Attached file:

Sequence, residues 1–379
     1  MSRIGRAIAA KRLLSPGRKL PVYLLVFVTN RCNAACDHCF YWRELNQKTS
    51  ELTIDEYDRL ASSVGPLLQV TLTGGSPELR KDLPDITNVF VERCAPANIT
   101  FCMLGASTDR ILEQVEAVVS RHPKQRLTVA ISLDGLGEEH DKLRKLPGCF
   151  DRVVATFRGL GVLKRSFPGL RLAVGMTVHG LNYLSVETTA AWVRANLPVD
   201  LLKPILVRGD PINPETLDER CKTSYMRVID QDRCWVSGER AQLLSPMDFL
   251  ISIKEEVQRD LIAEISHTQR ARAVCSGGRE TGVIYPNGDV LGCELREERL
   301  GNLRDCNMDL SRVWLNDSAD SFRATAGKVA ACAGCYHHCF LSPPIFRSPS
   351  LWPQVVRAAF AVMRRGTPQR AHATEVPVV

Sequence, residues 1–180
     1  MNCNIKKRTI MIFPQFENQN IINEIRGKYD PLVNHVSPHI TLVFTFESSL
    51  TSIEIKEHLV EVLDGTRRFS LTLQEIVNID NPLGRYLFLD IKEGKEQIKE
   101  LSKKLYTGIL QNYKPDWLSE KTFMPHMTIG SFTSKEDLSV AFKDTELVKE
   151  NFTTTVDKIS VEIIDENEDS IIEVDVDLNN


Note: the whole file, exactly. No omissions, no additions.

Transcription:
Sequence, residues 1–379
     1  MSRIGRAIAA KRLLSPGRKL PVYLLVFVTN RCNAACDHCF YWRELNQKTS
    51  ELTIDEYDRL ASSVGPLLQV TLTGGSPELR KDLPDITNVF VERCAPANIT
   101  FCMLGASTDR ILEQVEAVVS RHPKQRLTVA ISLDGLGEEH DKLRKLPGCF
   151  DRVVATFRGL GVLKRSFPGL RLAVGMTVHG LNYLSVETTA AWVRANLPVD
   201  LLKPILVRGD PINPETLDER CKTSYMRVID QDRCWVSGER AQLLSPMDFL
   251  ISIKEEVQRD LIAEISHTQR ARAVCSGGRE TGVIYPNGDV LGCELREERL
   301  GNLRDCNMDL SRVWLNDSAD SFRATAGKVA ACAGCYHHCF LSPPIFRSPS
   351  LWPQVVRAAF AVMRRGTPQR AHATEVPVV

Sequence, residues 1–180
     1  MNCNIKKRTI MIFPQFENQN IINEIRGKYD PLVNHVSPHI TLVFTFESSL
    51  TSIEIKEHLV EVLDGTRRFS LTLQEIVNID NPLGRYLFLD IKEGKEQIKE
   101  LSKKLYTGIL QNYKPDWLSE KTFMPHMTIG SFTSKEDLSV AFKDTELVKE
   151  NFTTTVDKIS VEIIDENEDS IIEVDVDLNN